Buy the nicest body you can afford. Good bodywork isn't cheap & cheap bodywork isnt good.
Yes I’ve worked with plenty of engineers like that too. Fortunately I’m in the 50% of engineers who like to get their hands dirty. Grew up on a farm, spent plenty of time around tractors. I’ve fixed/upgraded/remodeled just about everything in 3 different houses. I’m a gunsmith, blacksmith, luthier, electrician and electronics tech. So while I don’t know cars/engines much… I can learn. I have no doubts.Here's my two cents (and you're welcome to put the two cents towards the purchase of your car) and please don't take this the wrong way: I'm not an engineer but I work with plenty of them. If you are a mechanical engineer with zero mechanic experience, it will drive you bonkers to try to rebuild an old car. Most engineers I know see the world in black and white - "the drawing says part A attaches to part B". In the real world, part A should attach to part B easily, but it never does. You'll have to figure out how to get it to attach. As my wife says, " Why do you work on that old car when you get so frustrated every time?" And my answer always is "Because I love to!" There is nothing more satisfying that when working on a car, you have to run back and forth to the parts house because they gave you the wrong part, then you find out you don't have the right tool so you have to either find someone to borrow one from or buy a new one, you bust a few knuckles trying to put it on, only to have it leak so you have to take it back off and modify it, and then several hours (or days) after what should have take a few minutes, you get to hear that engine fire up.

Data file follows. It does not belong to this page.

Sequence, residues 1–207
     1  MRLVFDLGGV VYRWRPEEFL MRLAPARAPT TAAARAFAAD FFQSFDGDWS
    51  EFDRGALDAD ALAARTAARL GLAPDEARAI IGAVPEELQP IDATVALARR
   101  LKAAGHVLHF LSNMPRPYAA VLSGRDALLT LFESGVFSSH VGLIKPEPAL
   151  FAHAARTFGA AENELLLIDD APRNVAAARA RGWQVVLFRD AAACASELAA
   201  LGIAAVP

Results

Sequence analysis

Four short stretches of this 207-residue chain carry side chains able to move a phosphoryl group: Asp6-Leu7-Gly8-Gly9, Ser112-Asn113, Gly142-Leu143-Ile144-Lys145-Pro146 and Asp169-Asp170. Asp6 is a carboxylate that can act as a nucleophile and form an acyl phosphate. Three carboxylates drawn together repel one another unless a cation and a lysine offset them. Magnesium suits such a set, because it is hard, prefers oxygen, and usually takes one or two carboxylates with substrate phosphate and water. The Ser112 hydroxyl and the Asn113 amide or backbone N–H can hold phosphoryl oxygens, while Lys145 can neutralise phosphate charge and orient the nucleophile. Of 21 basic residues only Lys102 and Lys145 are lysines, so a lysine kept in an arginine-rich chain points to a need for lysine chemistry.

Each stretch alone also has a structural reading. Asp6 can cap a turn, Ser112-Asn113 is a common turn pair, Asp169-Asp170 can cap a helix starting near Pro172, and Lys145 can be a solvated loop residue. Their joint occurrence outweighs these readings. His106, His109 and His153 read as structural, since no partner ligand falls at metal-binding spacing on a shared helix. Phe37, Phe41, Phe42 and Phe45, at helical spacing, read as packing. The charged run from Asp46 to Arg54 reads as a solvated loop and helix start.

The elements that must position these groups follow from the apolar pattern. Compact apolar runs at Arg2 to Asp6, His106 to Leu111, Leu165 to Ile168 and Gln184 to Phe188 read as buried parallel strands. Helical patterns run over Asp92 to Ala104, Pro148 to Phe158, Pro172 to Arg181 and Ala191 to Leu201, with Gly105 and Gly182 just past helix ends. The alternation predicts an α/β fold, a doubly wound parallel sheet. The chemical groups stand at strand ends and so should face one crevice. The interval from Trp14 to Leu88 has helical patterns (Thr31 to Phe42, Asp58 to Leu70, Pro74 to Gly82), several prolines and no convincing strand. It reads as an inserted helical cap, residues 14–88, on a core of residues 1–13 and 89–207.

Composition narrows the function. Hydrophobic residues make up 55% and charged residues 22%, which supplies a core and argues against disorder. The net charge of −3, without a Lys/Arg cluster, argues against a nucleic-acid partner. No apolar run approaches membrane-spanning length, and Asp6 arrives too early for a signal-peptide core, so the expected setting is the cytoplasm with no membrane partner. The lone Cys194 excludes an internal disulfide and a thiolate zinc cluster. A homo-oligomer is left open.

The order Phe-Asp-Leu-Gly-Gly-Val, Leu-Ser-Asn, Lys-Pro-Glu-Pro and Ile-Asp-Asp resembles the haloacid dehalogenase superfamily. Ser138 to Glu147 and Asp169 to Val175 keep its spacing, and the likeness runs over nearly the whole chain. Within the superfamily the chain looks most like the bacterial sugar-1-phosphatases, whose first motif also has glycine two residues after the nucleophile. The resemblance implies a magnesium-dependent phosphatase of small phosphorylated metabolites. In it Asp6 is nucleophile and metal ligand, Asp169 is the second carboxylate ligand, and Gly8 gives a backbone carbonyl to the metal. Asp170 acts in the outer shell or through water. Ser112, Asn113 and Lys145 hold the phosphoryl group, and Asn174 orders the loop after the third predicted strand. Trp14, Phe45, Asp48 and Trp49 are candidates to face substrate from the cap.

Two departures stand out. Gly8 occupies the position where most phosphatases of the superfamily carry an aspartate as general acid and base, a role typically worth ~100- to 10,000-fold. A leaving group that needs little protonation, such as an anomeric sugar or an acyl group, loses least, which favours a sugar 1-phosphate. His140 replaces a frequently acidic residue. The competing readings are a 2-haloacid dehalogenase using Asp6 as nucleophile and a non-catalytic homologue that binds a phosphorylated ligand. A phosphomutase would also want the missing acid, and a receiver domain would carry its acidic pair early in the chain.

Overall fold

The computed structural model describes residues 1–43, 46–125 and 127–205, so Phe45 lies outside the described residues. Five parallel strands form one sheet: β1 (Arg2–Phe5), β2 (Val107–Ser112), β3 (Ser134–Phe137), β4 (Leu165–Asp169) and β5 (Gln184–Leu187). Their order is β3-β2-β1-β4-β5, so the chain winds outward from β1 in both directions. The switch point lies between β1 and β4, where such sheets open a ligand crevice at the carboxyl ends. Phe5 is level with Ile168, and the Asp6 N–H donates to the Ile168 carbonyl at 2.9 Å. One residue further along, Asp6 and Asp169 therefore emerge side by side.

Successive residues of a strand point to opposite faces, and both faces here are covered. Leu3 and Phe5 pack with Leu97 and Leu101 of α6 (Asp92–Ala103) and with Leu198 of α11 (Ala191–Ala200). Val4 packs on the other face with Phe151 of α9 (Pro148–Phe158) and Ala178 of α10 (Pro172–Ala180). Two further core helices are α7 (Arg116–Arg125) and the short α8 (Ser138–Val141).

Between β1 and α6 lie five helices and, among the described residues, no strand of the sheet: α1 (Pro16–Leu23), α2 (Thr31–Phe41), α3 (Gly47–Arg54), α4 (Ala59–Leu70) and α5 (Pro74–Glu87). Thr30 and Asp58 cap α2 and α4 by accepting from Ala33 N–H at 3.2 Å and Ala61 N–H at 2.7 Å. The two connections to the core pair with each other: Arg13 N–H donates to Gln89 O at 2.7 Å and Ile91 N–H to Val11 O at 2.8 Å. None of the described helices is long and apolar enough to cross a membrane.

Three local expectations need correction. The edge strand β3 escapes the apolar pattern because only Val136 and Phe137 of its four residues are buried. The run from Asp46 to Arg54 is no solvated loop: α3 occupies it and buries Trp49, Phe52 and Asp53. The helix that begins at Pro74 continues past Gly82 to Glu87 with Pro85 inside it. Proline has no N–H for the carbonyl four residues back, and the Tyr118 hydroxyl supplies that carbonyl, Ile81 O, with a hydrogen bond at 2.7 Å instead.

My suggestion - buy a running car. Drive it so you can enjoy it now. Read everything you can about cars so you can learn about how cars work. Figure out what you really want to do to it, and how much you can realistically spend, then slowly do what you have planned to it and make it your car. Being able to drive it will keep you interested. If you buy a non-running car that may take several years to get running you could easily lose interest or get tired of putting money in it without enjoying it. And if you sell it before it's finished you won't get near what you have invested in it. Plus having a running car may get your wife and kids interested in helping! My wife is definitely not a car person, but she loves my Chevelle. When we're out riding in it she's waving at everyone like we're in a parade.
Good luck and keep us posted!